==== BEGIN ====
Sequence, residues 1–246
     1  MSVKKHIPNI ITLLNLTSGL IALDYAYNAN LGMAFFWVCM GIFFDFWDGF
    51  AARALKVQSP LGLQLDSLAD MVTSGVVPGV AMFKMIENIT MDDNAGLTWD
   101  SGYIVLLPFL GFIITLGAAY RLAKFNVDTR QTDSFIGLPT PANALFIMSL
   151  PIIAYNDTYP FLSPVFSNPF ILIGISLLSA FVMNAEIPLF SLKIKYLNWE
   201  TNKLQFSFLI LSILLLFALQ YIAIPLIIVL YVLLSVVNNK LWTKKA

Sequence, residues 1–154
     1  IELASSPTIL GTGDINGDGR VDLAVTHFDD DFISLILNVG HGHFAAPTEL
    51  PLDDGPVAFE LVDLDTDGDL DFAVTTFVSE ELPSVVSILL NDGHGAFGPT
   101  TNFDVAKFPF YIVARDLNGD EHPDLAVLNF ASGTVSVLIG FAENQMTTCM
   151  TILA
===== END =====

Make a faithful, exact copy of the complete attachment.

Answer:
Sequence, residues 1–246
     1  MSVKKHIPNI ITLLNLTSGL IALDYAYNAN LGMAFFWVCM GIFFDFWDGF
    51  AARALKVQSP LGLQLDSLAD MVTSGVVPGV AMFKMIENIT MDDNAGLTWD
   101  SGYIVLLPFL GFIITLGAAY RLAKFNVDTR QTDSFIGLPT PANALFIMSL
   151  PIIAYNDTYP FLSPVFSNPF ILIGISLLSA FVMNAEIPLF SLKIKYLNWE
   201  TNKLQFSFLI LSILLLFALQ YIAIPLIIVL YVLLSVVNNK LWTKKA

Sequence, residues 1–154
     1  IELASSPTIL GTGDINGDGR VDLAVTHFDD DFISLILNVG HGHFAAPTEL
    51  PLDDGPVAFE LVDLDTDGDL DFAVTTFVSE ELPSVVSILL NDGHGAFGPT
   101  TNFDVAKFPF YIVARDLNGD EHPDLAVLNF ASGTVSVLIG FAENQMTTCM
   151  TILA